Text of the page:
Habit and leaf form. Marine herbs. Perennial; rhizomatous (rhizomes sympodial, much-branched, lignified, with 1 or 2 roots at each node, producing numerous erect lignified branches). Hydrophytic; marine; rooted. Leaves submerged; alternate (in a terminal tuft); sessile; sheathing (with auricles present). Leaf sheaths with free margins. Leaves simple; epulvinate. Leaf blades entire; 8–12 -nerved; parallel-veined. Leaves ligulate (at junction of sheath and blade). Axillary scales present. Leaves with a persistent basal meristem, and basipetal development. Stem anatomy. Secondary thickening absent.
Reproductive type, pollination. Fertile flowers functionally male, or functionally female. Unisexual flowers present. Plants dioecious. Plants viviparous. Pollinated by water.
Inflorescence and flower features. Flowers solitary; terminal (on short lateral branches, enclosed by leaves); bracteate (the female flower of A. antarctica enveloped in a scarious involucre), or ebracteate (A. griffithii without involucre); small. Perianth absent. Fertile stamens present, or absent (female plants). Androecium 2. Androecial members coherent (the two dorsally united, the anthers paired on a common filament, attached at the same height). Androecium exclusively of fertile stamens. Stamens 2. Anthers unilocular, or bilocular; tetrasporangiate; 2–3- appendaged. The anther appendages apical (branched). Pollen shed as single grains (filamentous). Pollen grains lacking exine, and dispersed in the sea as long filaments. Fertile gynoecium present, or absent (male plants). Gynoecium 2 carpelled; apocarpous; eu-apocarpous; superior. Carpel stylate; apically stigmatic; 1 ovuled. Placentation apical. Styles 3-branched in the distal half. Ovules pendulous; non-arillate; orthotropous.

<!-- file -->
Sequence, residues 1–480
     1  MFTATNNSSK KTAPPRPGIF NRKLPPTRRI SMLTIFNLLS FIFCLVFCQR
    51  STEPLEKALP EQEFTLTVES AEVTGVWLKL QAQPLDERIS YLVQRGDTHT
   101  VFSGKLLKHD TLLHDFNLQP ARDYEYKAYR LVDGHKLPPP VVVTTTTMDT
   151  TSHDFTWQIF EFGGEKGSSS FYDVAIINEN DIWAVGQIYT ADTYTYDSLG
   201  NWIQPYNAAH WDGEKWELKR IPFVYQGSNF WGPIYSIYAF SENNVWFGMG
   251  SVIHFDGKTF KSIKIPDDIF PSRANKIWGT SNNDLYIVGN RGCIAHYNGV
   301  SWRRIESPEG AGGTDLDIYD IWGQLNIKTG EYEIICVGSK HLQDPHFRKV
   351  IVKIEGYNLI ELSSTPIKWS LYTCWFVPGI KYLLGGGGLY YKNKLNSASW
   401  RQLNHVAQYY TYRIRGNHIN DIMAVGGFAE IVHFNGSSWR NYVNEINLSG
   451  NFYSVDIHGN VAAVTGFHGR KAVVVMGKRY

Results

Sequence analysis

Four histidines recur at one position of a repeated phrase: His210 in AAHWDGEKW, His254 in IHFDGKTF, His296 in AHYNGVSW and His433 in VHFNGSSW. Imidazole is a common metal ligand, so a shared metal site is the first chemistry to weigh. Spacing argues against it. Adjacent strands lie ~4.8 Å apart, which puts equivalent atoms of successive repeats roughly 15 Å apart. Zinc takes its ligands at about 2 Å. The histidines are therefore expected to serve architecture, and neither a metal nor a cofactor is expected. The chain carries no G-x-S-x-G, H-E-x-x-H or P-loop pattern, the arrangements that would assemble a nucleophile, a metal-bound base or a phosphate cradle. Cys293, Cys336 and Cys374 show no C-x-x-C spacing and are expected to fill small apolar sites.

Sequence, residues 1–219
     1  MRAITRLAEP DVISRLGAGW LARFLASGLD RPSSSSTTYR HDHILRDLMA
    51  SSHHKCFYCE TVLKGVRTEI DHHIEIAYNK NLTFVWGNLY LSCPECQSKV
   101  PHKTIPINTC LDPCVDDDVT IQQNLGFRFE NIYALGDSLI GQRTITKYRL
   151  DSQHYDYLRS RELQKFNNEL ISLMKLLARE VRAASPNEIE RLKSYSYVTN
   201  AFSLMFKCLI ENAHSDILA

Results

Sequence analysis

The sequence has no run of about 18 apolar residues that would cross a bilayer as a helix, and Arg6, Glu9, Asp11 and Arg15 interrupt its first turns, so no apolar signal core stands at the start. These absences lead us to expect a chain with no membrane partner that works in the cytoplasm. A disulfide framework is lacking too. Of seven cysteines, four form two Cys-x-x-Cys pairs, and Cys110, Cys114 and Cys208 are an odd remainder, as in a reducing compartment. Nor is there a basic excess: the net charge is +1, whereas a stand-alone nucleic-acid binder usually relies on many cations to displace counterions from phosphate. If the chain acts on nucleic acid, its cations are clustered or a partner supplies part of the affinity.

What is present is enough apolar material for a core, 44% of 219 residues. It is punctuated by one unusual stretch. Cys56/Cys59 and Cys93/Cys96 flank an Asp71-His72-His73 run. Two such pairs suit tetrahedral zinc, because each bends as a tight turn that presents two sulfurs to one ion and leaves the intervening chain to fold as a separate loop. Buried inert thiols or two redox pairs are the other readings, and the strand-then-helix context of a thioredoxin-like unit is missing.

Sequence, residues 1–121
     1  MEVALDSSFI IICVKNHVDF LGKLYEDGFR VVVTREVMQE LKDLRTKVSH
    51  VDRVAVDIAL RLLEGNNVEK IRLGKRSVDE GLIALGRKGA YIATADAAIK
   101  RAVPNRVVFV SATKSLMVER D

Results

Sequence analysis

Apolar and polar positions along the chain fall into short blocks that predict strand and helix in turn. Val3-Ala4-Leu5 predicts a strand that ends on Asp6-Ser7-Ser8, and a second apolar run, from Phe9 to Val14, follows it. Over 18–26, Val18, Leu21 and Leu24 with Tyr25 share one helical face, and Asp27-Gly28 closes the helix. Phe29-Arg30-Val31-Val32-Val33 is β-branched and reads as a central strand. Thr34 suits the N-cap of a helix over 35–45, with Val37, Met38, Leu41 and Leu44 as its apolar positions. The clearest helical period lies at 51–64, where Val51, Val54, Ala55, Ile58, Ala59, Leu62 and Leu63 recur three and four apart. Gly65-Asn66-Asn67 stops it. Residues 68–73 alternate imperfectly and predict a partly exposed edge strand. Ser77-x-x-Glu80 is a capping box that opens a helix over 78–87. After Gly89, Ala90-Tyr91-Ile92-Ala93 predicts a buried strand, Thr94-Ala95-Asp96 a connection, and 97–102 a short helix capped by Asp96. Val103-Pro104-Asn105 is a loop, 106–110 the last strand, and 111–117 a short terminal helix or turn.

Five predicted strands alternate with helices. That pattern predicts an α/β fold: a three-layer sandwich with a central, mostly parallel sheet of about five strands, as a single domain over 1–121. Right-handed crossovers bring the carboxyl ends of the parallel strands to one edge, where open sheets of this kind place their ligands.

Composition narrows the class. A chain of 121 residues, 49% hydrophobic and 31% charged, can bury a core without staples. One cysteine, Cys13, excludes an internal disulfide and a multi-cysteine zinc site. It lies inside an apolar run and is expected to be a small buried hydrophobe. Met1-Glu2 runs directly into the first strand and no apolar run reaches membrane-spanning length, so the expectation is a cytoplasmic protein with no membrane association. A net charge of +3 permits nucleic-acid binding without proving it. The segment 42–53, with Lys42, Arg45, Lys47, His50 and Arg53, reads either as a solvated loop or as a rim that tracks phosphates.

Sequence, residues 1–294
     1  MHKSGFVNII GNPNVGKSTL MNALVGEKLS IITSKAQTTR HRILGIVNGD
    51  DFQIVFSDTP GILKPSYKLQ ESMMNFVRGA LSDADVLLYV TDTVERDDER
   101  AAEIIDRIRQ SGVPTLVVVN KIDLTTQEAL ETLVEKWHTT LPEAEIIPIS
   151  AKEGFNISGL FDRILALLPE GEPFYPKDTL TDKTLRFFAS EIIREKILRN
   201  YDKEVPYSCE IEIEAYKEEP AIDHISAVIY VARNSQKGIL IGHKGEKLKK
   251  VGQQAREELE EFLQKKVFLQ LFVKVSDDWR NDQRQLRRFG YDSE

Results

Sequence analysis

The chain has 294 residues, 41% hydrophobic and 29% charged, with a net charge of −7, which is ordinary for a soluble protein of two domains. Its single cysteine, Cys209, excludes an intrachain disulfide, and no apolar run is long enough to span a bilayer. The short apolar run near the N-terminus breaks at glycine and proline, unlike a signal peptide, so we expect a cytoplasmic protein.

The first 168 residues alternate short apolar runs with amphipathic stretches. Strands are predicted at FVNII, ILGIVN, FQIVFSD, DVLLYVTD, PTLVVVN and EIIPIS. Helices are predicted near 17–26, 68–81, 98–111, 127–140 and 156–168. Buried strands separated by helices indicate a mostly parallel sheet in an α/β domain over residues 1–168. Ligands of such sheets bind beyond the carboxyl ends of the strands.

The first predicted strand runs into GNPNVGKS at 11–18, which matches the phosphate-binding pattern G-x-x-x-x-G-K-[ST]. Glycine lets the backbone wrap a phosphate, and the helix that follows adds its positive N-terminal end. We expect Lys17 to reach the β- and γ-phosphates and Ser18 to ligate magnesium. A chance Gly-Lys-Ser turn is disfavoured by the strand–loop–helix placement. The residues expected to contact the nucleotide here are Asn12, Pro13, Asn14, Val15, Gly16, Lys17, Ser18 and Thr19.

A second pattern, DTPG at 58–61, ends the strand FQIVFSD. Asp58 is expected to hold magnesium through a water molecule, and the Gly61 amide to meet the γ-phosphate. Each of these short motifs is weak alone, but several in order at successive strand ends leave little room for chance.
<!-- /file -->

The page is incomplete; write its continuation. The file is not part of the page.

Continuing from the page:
Fruit and seed features. Fruit fleshy, or non-fleshy; an aggregate. The fruiting carpel indehiscent; nucular (surrounded at the base by 4 large, pectinate, upturned pericarpic lobes, known as the ‘comb’; comb persistent at the base of the seedlings after they are shed from the parent plant). Seeds non-endospermic. Cotyledons 1.
Geography, cytology, number of species. Native of Australia. Endemic to Australia. Australian states and territories: Western Australia, South Australia, Victoria, and Tasmania. South-West Botanical Province.
Wheeler, Judy; Marchant, Neville; Lewington, Margaret; Graham, Lorraine (2002). Flora of the south west, Bunbury, Augusta, Denmark. Volume 1, introduction, keys, ferns to monocotyledons. Australian Biological Resources Study. Canberra.
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